Infrastructure needs in Asia and Middle East boost the country's growth.
Bitumen opens new export road for Iranians
The boom in infrastructure development in Asia and the Middle East has opened a little-noticed outlet for Iran to strengthen trade ties with its neighbours, while increasing export opportunities for the region's smaller oil producers. The commodity involved is bitumen, a term for oil that is so dense and sticky that it sinks in water. It has often been a target of environmental protests over oil.
It can also be produced in petroleum refineries, where it may be called "refinery bottoms" or "asphalt". The chief use of unmodified bitumen, accounting for 90 per cent of global demand, is as road tar. "The development of any economy anywhere in the world needs sophisticated infrastructure that includes roads, airport runways and parking lots, so you can see the value of bitumen," Hussain Sultan, the chairman of Dubai-based Neptune Energy Trading, told the Middle East Bitumen 2010 conference - the first such regional meeting on ultra-heavy oil.
Other speakers left delegates in no doubt that the most lowly of petroleum products, and usually the cheapest, was of growing regional importance because of the continued expansion of economies east of the Suez. The Gulf states that would benefit include Iran and Bahrain, the region's two net bitumen exporters. Oman could soon join them, as the sultanate is building the GCC's first bitumen refinery.
Ironically, because of the expansion of mainstream petroleum refining in Asia and the Middle East, the regional supply and demand balance for bitumen is about to tip from a slight oversupply to a shortage, predicts Praveen Kumar, a senior consultant at the Singapore-based consultancy FACTS Global Energy. That is because the new refineries include so-called cracking units that break up the long carbon chains found in bitumen and other heavy oils to make lighter products such as diesel.
It is such heavy-oil "upgrading" activities, rather than the direct use of bitumen on roads, that attracts the ire of climate-change activists because of the high carbon content of the heavy crude feedstock. Environmentalists also object to the energy intensity of heavy-oil extraction. But heavy crude and the products refined from it have their uses. Last year, as major oil exporters such as Saudi Arabia throttled back their production of heavy crude because of OPEC cuts, bitumen was in such short supply that its price for a time overtook that of fuel oil, "causing us to scratch our heads", said Bryan Chen, the executive director of Bahrain's Al Mashael Group.
The privately owned petroleum group leads Oman's Sohar bitumen refining joint venture. Construction of the 30,000 barrel per day (bpd), or 1 million tonnes a year, "niche refinery", which would produce mainly bitumen from Saudi heavy crude, would begin next year with output scheduled to start in 2013. The bitumen markets of the UAE and Oman alone accounted for 450,000 tonnes a year of consumption and were expected to expand by 10 per cent annually over the next few years, Mr Chen said. The Sohar refinery would also export bitumen to the rest of the GCC and to India and Bangladesh.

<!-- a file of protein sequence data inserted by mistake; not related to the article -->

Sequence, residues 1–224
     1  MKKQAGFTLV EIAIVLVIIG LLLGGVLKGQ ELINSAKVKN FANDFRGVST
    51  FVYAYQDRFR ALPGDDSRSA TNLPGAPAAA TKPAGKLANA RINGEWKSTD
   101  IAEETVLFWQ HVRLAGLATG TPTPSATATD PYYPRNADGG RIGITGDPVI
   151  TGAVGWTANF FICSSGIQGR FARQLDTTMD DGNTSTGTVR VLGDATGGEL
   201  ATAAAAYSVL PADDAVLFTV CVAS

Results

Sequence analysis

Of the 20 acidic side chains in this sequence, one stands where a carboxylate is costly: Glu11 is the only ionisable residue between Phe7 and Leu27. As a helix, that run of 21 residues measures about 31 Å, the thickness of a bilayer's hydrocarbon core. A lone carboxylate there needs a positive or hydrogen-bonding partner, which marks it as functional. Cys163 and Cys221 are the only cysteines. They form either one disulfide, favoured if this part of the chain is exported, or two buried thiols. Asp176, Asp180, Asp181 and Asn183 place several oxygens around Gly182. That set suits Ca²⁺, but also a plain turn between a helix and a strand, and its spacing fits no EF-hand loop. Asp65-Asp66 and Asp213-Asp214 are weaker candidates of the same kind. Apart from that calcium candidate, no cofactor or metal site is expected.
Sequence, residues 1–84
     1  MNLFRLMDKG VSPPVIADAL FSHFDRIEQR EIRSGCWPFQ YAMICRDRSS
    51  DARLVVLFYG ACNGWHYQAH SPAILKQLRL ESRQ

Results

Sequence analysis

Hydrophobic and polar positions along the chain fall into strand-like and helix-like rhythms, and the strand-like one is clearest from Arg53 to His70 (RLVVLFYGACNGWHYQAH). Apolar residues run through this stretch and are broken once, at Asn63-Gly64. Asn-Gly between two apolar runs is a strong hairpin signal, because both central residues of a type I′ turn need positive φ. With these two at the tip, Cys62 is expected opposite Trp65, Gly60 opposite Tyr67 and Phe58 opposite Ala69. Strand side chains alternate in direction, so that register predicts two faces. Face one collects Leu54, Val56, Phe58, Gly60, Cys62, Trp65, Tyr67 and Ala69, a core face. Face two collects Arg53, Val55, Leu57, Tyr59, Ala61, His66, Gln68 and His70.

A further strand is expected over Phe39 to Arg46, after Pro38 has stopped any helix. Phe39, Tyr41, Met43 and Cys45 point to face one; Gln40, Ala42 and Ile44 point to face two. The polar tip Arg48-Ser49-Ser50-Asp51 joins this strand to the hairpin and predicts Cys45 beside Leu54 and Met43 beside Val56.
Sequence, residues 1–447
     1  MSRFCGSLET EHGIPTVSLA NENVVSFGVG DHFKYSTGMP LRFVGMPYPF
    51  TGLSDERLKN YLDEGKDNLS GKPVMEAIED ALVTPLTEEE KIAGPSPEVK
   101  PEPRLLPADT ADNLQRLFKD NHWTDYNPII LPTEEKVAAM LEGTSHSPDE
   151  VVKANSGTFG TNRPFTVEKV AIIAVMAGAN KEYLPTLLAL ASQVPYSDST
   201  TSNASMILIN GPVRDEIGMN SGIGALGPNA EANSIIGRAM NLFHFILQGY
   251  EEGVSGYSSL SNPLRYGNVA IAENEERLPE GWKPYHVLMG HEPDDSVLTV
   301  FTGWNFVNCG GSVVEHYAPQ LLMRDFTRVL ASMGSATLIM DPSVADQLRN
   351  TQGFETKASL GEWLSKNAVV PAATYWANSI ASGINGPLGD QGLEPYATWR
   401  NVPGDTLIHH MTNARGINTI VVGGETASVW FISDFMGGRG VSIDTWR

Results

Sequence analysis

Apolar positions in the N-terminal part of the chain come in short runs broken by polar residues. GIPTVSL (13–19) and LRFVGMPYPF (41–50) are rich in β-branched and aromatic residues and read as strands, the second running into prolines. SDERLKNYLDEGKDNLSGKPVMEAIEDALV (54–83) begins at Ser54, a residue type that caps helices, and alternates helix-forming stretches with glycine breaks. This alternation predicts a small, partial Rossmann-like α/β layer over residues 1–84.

But Iran would still be the Gulf region's biggest bitumen exporter after 2013, with the most extensive bitumen storage and handling facilities at its southern port of Bandar Abbas. Abbas Rezaei, the managing director of Iran's Pasargad Oil, put the country's bitumen production capacity at 5.5 million tonnes in the last Iranian year, which ended on March 20. The combined 4.4 million tonnes of bitumen output during the period from eight Iranian refineries was the third largest in the world, behind Chinese and South Korean production.
Of Iran's total bitumen exports of 1.16 million tonnes last year, 36 per cent, or 418,000 tonnes went to Arab states including the UAE, Kuwait, Qatar, Iraq and Oman. Most of the rest was shipped to Asia-Pacific markets. Iran's domestic bitumen consumption could fall in coming years because of government plans to phase out petroleum subsidies. That would free up an extra 700,000 tonnes a year for export, Mr Rezaei said.
Exports from Bahrain, the region's first petroleum refiner, peaked at more than 500,000 tonnes a year in 2007 and 2008, said Mohammed al Howaihi, the co-ordinator of petroleum product sales for the government-owned Bahrain Petroleum Company (BAPCO). Demand for a new road from Saudi Arabia to Bahrain and to pave reclaimed islands off the coast of Qatar boosted prices for BAPCO's bitumen to as much as US$550 (Dh2,019) a tonne in 2008, when crude prices also peaked.
Now Bahrain hopes to expand its bitumen exports to India and China. The bottleneck is not in refining but in port facilities for packing the oil into drums or other containers. "We are looking for new investors as we are receiving orders from new customers," Mr al Howaihi said. email@example.com